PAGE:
Social Security Questions: Ask Rusty – Octogenarian asks about wife’s spousal and survivor benefits – The Coastland Times

Social Security Questions: Ask Rusty – The octogenarian asks about his wife’s spousal and survivor benefits

Posted at 4:16 p.m. on Sunday, October 30, 2022

By Russell Gloor, AMAC Certified Social Security Advisor, Association of Mature American Citizens

Dear Rusty: I am now 80 and my wife is 76, and we both took early Social Security benefits at age 62. When my wife took her social security, it was much smaller than mine, so they took part of mine and added it to hers. How it works? Also, when I die, will my wife get all of mine or just a percentage? Signed: Curious Senior

Dear Curious: The standard Social Security process is to pay a beneficiary’s personally earned retirement benefits first, then add an additional amount if necessary to bring the payment up to what they are entitled to as a spouse or surviving spouse. So in your wife’s case, she now receives (while you both live) her own social security benefit plus a “spouse boost” to make her payment equal to what she’s owed in as your spouse. Your wife’s spousal support was not deducted from your benefit payment – you still receive your own retirement benefit – but her spousal support amount was calculated by comparing the amount she was entitled to full retirement age (FRA) at 50% of your FRA benefit and then reducing the amount of spousal support because she applied at age 62 (all Social Security benefits except disability benefits, taken before the FRA are reduced).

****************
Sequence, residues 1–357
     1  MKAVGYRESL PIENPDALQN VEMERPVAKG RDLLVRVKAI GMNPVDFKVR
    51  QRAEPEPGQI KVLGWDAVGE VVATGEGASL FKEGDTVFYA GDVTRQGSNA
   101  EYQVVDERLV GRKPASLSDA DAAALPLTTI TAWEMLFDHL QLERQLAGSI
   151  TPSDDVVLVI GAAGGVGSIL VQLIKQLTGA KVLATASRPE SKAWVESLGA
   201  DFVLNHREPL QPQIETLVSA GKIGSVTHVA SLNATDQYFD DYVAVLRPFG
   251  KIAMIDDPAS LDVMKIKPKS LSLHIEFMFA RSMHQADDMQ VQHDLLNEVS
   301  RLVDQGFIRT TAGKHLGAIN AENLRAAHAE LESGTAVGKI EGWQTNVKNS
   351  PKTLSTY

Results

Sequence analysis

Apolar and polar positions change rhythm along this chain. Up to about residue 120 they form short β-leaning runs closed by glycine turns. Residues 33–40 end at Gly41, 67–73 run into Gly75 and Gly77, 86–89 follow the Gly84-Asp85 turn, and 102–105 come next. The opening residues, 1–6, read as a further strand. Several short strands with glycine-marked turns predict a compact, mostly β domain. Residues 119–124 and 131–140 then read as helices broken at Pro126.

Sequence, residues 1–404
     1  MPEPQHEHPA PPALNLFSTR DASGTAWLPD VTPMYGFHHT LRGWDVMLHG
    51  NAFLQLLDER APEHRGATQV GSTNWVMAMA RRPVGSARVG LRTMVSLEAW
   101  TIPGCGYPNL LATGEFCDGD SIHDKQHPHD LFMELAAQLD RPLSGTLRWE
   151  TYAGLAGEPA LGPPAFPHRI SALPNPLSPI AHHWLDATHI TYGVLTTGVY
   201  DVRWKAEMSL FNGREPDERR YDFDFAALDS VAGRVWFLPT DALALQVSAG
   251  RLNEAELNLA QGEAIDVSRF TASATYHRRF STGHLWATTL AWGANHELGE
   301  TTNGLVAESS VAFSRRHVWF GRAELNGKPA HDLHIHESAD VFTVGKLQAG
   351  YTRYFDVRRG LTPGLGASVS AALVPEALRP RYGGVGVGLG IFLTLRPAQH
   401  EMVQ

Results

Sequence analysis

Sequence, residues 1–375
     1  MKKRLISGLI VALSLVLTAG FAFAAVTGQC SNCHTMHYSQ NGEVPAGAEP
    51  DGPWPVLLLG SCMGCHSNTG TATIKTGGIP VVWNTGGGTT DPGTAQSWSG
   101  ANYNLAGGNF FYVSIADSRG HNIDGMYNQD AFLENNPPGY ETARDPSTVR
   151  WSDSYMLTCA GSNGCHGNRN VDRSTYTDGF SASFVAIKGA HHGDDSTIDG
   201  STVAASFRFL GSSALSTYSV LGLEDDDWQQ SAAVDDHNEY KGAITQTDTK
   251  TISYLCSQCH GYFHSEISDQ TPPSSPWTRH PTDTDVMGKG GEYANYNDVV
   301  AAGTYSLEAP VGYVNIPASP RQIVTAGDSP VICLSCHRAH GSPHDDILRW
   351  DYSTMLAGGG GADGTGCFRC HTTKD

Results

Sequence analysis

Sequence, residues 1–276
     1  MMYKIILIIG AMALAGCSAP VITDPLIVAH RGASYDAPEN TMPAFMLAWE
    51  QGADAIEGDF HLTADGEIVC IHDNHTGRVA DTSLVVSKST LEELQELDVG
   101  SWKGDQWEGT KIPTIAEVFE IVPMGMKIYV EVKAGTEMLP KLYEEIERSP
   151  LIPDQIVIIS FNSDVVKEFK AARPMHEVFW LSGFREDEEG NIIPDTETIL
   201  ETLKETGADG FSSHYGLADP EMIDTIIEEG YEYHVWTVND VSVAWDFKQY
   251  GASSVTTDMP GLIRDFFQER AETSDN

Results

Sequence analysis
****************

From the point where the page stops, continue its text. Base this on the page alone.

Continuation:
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As for your wife’s benefits as a survivor, since her own Social Security retirement benefit is smaller, if you die first, the additional amount of “spouse boost” than your wife now receiving will cease and be replaced by a higher supplement that brings her total payment to what she is entitled to as a surviving widow.

As a spouse during your lifetime, your spouse could have received a maximum of 50% of the benefit amount to which you were entitled at full retirement age (FRA) of 66, but she receives less than that because which she claimed at the age of 62. However, if you die, your spouse will receive a higher total amount made up of her 62-year benefit that she personally earned, plus an additional amount to make her payment equal to 100% of the amount you received on your death. In fact, the amount of its death benefit may even be greater than what you receive on your death, as it will receive at least 82.5% of your “primary insurance amount” or “PIA”, which is the benefit that was due to you at age 66 (your FRA).

Think of it this way – as a surviving spouse, the total amount of benefits paid to your spouse will be either 100% of the benefit you were receiving when you died, or 82.5% of the benefit you were entitled to. 66, whichever is greater. . And that will replace the smaller amount your wife now receives as a spouse while you both live. Of course, your spouse will need to notify Social Security of your death and do so in a timely manner to get the higher benefit she is entitled to as a surviving spouse.

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